The Ryder Cup partnership Europe cannot afford to break up
With half of his side made up of rookies, Darren Clarke’s pairings over the first two days of the 2016 Ryder Cup are going to be crucial for Europe.
As part of his preparation, the Northern Irishman will have no doubt learned from the errors of Mark James’ ways in 1999, the last time the European team travelled across the pond with as many newbies in tow.
Back then, James elected to lean heavily on his senior men for the foursomes and four-balls on both the Friday and Saturday.
Three of the Englishman’s collection of newcomers didn’t even play a match until the Sunday singles. It proved a costly strategy as the trio – Andrew Coltart, Jarmo Sandelin and Jean van de Velde – all lost in a 14½-13½ USA victory.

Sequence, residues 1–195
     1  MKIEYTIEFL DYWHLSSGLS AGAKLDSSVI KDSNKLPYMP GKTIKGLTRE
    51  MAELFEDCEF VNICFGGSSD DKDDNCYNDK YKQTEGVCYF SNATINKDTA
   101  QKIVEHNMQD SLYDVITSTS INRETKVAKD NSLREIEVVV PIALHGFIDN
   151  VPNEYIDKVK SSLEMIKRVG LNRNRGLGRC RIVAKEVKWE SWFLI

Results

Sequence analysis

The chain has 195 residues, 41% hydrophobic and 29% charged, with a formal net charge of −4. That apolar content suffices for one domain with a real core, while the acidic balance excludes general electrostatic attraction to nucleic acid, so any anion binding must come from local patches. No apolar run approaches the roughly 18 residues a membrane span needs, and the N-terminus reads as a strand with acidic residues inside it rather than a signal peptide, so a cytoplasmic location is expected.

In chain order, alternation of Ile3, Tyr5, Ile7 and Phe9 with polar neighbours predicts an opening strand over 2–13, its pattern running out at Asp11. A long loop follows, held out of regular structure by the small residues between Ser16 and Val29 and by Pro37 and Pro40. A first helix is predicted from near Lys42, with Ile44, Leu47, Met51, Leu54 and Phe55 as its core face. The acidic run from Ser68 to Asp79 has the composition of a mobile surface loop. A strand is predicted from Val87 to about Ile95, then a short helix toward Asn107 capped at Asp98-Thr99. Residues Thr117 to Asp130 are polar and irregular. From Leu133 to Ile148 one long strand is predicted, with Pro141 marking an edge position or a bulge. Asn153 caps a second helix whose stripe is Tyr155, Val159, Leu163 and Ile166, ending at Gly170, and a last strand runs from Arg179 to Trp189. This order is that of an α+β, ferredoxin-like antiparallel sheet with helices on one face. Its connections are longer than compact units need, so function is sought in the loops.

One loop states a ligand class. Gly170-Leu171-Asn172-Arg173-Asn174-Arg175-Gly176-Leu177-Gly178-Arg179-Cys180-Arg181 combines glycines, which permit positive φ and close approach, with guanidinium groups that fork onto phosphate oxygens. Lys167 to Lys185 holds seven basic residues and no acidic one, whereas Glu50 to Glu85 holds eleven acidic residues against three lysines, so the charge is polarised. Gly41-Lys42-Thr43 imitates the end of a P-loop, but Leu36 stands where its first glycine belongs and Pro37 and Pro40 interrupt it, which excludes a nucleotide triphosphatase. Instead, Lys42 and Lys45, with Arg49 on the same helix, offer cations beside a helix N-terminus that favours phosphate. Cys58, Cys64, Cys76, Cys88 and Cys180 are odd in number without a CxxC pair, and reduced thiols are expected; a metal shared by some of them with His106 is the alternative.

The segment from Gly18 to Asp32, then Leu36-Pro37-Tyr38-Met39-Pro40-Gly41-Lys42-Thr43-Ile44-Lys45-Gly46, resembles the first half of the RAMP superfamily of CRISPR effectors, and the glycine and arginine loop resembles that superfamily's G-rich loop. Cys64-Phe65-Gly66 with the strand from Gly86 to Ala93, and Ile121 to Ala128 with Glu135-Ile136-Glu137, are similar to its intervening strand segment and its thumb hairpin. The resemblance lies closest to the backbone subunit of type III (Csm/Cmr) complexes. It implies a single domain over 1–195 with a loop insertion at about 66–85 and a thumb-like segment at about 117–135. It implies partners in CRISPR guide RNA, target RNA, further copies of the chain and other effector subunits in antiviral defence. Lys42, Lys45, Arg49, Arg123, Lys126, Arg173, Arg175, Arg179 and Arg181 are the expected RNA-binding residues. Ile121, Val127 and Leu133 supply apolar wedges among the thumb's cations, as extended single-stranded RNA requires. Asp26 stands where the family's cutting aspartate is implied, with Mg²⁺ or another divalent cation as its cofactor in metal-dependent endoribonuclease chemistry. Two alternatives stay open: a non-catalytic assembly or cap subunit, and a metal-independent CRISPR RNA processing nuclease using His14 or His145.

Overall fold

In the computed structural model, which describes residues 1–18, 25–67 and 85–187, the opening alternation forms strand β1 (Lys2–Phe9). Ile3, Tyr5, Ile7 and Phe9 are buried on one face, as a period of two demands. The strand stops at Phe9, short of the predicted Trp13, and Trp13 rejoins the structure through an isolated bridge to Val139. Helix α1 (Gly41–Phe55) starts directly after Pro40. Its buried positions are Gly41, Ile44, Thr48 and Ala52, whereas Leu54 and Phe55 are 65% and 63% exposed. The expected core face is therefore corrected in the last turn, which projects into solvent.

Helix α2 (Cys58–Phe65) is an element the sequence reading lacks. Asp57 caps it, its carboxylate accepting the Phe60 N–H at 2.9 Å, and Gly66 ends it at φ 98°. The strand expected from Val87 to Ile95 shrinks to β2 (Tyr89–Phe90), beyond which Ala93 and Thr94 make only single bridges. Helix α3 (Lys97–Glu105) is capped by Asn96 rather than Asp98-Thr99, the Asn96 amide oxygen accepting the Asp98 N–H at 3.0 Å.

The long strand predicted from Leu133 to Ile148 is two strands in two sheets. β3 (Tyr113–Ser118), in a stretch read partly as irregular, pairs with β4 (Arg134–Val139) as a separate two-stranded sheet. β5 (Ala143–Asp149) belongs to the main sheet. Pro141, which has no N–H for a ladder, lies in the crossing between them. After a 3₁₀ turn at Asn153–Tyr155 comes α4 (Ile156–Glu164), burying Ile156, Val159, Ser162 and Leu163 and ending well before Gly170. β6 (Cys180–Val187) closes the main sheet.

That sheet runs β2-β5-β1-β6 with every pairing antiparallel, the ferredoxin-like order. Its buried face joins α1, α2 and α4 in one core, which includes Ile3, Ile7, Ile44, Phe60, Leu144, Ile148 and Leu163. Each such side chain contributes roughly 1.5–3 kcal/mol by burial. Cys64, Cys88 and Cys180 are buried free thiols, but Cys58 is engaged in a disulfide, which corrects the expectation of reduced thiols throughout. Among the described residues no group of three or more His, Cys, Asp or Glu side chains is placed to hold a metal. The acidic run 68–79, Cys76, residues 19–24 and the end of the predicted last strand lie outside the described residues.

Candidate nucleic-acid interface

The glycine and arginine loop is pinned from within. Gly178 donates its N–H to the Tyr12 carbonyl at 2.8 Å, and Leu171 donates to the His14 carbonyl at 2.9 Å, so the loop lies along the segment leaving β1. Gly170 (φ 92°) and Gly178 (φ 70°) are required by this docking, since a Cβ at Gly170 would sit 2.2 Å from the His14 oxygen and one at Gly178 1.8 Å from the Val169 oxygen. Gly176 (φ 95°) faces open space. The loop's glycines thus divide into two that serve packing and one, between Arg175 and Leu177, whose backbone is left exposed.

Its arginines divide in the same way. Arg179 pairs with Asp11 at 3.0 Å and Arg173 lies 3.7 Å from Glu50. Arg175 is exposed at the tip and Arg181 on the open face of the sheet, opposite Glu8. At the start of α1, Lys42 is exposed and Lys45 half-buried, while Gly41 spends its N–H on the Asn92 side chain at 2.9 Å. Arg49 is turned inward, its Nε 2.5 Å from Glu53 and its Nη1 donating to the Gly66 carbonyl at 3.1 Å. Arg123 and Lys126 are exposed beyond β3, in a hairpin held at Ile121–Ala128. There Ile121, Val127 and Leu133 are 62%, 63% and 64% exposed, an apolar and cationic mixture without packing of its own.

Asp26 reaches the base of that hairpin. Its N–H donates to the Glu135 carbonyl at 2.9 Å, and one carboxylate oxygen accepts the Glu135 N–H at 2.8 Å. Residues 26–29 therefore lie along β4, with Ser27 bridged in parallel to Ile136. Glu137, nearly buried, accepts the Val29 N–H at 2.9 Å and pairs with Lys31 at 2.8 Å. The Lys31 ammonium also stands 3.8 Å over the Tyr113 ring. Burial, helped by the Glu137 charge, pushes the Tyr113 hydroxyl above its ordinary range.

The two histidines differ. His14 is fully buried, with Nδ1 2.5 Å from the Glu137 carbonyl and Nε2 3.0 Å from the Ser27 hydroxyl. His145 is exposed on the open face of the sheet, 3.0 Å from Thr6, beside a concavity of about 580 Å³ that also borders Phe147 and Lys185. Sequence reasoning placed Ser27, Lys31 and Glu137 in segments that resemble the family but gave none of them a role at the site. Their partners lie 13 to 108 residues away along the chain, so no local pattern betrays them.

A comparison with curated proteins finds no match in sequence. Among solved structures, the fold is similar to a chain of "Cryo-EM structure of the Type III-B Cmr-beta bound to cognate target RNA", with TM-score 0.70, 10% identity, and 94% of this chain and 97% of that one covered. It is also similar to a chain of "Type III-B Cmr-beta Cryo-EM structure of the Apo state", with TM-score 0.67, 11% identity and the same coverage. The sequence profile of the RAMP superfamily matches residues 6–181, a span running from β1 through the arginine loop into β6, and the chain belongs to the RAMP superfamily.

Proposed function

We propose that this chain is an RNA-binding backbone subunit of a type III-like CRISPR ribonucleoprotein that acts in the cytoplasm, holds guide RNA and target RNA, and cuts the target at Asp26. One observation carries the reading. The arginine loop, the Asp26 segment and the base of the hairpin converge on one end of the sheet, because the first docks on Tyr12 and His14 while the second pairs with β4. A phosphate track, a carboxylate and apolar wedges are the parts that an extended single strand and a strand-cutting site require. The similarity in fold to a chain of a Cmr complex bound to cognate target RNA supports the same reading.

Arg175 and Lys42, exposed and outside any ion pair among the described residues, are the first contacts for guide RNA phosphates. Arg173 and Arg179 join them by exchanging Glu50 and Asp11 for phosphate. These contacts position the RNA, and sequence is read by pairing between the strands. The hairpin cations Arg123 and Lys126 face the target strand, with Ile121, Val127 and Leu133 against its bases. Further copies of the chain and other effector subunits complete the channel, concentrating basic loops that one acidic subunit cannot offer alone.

Clarke is unlikely to follow that example at Hazeltine this week, with a raft of experienced players like Lee Westwood, Sergio Garcia and Rory McIlroy around to partner the rooks.
Finding winning partnerships remains the 2011 Open champion’s priority though, which means keeping two of his veterans together is a must in Minnesota.
Two years ago at Gleneagles, Justin Rose and Henrik Stenson were unbeatable. The pair won all three of their matches together to become the first European duo since Sandy Lyle and Bernhard Langer in 1987 to record a 100 per cent record in at least three matches together.
Both men will be seen as key cogs in the mission to retain the Ryder Cup trophy. Harnessing their undoubted power as a partnership should therefore be preferred over the temptation to hand them a tutoring role.
Should both men come close to claiming that individual prize, then the team as a whole stand a great chance of collective success, at odds of 7/4.
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